Discover the different flavours
Let’s try a little exercise. To get started let’s look at some of the more popular categories out there, whether it be Scotch, Tennessee Whiskey, Irish Whiskey – even poitín. Choose any one that suits your fancy and have a pen and paper at the ready to take some notes. Now think about what you like about your personal favourites within the selected category. Take some time to sit with the spirit and really think about the specifics of what makes this your personal favourite whiskey. Whatever comes to mind first, just start jotting down these thoughts. Start compartmentalising the whiskey flavours that really stand out.
Move on to another type of whiskey, ideally one within an entirely different category. Again, take careful notes about what it is that you’re tasting. What does it remind you of? Is it sweet, salty, bitter, sour? You can easily find tools to help you with this identification process. If you go online and search for whiskey flavour wheels, you can find dozens upon dozens of descriptors carefully arranged across all spectrum of taste. What you’re trying to do here is to narrow down the focus of what exactly excites you in your preferred whiskeys so that you can hope to seek out similar flavours when you’re exploring new bottlings.
Just like any other skill, you have to keep exercising in order to develop the muscles necessary to succeed. The good news for developing your flavour profile is that this simply requires more drinking. After you’ve compiled notes on all of your go-to whiskeys, you’ll want to look back at everything you’ve written and you should start to see definite patterns emerging.
It turns out that what you like in one whiskey will be quite similar to the same tonalities that you like in others. This might be attributed to the grain used in the whiskey, say corn or wheat or rye if you’re into American whiskey, or malted barley if you’re into single malts. Or even more likely, it is a result of the type of whiskey cask wood used during maturation of the spirit. Remember we said that 60-80% of overall flavour can come from the barrel. So it’s by no means an incidental consideration. If you like a light, tropical topnote; coconut, vanilla, peaches, pineapple, you’re probably more of a fan of American oak. If you find yourself highlighting notes like dates, raisins, sultanas, Christmas Cake, these rich, darker notes are emblematic of European oak–especially an oak whiskey barrel which once held sherry in the southwest of Spain. And then there’s also red berry fruits–strawberries, raspberries–that tend to come from European oak barrels which formerly held red wines or fortified wines from Portugal, France, or Italy.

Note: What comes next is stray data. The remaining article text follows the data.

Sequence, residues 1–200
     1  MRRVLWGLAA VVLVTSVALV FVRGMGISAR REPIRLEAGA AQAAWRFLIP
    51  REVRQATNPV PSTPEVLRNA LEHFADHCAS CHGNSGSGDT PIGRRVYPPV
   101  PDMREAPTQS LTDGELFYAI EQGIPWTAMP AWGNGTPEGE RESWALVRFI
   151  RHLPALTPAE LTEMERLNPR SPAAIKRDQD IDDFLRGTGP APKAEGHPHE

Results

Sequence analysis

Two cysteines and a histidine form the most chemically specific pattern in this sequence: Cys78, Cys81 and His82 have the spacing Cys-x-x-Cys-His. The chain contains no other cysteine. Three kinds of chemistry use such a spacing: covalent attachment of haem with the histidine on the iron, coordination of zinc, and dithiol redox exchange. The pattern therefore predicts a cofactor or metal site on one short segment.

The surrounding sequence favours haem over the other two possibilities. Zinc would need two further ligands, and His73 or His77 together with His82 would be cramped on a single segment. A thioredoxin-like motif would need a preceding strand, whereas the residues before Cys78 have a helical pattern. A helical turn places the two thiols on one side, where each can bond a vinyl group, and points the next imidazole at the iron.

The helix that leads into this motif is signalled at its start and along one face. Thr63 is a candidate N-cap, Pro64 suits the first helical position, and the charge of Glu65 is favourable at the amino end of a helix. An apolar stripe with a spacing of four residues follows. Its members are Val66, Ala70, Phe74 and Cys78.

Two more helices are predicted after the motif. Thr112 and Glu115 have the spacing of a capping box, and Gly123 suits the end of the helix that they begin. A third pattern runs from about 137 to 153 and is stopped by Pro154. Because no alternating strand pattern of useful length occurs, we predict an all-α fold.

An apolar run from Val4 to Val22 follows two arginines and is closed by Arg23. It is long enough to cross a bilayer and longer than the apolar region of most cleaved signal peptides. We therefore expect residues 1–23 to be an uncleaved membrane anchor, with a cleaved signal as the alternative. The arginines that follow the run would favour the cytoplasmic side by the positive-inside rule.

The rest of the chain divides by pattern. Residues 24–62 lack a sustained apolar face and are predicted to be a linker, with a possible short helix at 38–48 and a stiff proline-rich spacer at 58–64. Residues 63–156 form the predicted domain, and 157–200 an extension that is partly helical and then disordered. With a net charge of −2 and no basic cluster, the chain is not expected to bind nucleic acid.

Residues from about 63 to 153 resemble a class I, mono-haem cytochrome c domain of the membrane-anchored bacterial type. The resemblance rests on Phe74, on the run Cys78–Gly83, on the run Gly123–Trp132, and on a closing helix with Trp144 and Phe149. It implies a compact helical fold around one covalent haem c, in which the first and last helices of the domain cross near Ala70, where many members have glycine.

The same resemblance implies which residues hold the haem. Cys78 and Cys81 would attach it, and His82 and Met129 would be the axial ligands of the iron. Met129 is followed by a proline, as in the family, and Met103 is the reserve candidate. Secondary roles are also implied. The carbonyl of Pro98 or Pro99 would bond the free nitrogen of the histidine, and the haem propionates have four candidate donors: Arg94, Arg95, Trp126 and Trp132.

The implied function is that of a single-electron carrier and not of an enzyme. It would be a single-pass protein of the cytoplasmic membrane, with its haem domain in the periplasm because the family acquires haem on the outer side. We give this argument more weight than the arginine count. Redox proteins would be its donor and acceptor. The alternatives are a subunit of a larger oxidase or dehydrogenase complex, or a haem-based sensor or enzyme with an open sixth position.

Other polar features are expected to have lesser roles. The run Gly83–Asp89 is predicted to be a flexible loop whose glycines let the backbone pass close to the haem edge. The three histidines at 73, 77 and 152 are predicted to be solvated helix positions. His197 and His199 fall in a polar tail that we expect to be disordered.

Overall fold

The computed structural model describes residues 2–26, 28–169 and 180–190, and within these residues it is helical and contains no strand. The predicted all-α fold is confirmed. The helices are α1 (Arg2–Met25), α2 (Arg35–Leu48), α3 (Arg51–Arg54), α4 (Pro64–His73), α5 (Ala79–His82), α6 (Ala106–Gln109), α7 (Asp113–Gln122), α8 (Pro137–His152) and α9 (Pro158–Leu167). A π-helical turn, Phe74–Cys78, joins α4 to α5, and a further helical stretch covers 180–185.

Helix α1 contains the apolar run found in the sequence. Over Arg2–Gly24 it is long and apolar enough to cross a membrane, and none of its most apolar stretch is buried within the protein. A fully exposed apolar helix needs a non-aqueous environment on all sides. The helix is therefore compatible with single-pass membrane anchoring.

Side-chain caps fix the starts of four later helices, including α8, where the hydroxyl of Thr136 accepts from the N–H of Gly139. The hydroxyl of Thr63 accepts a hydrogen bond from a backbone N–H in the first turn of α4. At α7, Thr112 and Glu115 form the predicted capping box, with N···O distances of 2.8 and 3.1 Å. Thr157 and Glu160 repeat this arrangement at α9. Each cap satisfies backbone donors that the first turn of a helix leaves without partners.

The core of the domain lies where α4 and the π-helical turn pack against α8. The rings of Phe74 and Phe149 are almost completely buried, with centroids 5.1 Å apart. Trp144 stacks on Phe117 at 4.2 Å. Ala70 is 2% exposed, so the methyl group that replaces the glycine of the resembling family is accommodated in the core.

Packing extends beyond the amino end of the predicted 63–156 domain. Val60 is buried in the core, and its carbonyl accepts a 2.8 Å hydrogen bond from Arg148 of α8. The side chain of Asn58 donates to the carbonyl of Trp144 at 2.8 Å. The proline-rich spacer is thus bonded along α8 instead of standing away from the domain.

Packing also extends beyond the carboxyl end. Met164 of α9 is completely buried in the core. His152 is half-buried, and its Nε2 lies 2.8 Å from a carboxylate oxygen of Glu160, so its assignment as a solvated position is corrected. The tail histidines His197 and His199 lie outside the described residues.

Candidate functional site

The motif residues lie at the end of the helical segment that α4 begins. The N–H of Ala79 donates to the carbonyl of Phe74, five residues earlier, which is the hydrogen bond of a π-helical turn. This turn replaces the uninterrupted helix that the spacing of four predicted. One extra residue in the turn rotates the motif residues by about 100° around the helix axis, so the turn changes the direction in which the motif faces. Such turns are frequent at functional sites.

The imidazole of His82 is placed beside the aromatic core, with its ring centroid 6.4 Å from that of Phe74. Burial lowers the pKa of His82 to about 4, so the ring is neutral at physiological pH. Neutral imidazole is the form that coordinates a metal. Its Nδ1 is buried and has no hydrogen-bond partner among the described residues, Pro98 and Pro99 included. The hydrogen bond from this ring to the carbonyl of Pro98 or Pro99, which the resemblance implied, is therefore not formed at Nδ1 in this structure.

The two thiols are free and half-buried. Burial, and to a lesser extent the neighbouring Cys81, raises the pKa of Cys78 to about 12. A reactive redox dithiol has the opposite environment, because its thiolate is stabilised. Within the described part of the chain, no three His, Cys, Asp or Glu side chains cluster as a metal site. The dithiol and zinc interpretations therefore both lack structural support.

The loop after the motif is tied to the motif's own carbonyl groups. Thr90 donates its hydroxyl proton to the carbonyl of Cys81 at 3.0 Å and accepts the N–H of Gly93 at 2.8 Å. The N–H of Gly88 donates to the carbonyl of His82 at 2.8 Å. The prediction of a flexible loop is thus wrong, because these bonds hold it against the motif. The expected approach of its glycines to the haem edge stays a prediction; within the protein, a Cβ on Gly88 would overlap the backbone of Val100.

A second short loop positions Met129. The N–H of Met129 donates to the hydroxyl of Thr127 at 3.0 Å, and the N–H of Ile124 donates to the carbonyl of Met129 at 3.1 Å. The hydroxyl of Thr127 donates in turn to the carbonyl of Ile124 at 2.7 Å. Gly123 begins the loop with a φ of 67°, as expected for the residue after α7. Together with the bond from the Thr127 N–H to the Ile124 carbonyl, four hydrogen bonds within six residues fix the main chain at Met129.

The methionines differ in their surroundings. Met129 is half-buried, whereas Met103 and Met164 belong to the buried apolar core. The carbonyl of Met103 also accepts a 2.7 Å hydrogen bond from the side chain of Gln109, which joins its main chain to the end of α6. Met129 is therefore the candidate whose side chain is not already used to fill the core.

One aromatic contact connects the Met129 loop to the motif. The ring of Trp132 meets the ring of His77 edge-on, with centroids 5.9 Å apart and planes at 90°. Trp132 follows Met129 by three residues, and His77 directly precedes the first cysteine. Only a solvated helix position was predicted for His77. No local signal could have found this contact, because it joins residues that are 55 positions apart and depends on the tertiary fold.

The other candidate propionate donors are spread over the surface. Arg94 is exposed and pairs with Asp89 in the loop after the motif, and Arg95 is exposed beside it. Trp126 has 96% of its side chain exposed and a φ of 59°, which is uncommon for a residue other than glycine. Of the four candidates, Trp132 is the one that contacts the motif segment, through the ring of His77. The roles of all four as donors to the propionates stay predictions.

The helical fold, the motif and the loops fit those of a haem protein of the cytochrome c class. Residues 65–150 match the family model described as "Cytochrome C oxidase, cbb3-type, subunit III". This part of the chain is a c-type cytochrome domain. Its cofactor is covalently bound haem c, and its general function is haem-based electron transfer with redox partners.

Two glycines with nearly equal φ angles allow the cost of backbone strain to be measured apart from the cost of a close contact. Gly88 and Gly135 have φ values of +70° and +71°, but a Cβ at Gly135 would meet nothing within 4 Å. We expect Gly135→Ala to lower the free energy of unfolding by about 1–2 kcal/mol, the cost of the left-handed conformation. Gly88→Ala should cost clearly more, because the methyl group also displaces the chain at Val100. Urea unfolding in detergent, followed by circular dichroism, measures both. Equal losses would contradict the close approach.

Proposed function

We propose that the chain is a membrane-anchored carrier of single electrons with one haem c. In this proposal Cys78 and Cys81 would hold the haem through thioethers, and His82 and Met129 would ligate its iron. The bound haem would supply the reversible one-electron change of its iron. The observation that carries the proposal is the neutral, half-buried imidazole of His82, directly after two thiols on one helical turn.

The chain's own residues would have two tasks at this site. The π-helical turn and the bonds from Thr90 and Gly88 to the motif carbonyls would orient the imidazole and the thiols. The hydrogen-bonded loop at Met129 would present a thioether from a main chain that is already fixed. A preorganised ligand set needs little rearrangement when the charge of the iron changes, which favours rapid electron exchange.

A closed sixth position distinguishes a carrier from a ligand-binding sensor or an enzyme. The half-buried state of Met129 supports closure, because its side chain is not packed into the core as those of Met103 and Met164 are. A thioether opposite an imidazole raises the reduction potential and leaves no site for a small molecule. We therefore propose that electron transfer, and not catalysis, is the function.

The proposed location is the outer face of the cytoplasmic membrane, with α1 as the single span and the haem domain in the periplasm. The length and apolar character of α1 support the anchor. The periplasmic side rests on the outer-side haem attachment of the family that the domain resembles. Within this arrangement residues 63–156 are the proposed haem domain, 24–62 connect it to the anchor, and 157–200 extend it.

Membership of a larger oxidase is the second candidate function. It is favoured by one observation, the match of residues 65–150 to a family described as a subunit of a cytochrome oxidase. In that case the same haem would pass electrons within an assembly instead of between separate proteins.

Whiskey makers utilise all sorts of tools to develop flavours in your favourite dram of whiskey. And the better we triangulate our own palates, the better equipped we will be in order to appreciate their craft.
Adding water to your whiskey
When you’re ready to get a little more delicate and deliberate with your tasting exercises, we recommend procuring some mineral water and a pipette to start administering small drops of it into your favourite whiskey. Literally do this one drop at a time, because the goal here is not to water down your whiskey. The goal is to open up some of those flavour molecules which exist within the dram. Drop it in slowly enough and you should see a slight separation occur in the glass, the oils coming out of solution. Don’t worry. That’s the good stuff. When it separates like that it often means that your whiskey was not chill-filtered, meaning the whiskey maker took careful steps to make sure that nothing was taken out of their product after the ageing process. By freeing up these oils you should get an even more intimate glimpse of the liquid at hand, from the aromas to the taste. Now go back and look at your initial notes and see how your descriptors have evolved as the liquid has “opened up.” This is the world of whiskey, and a glorious one it is too!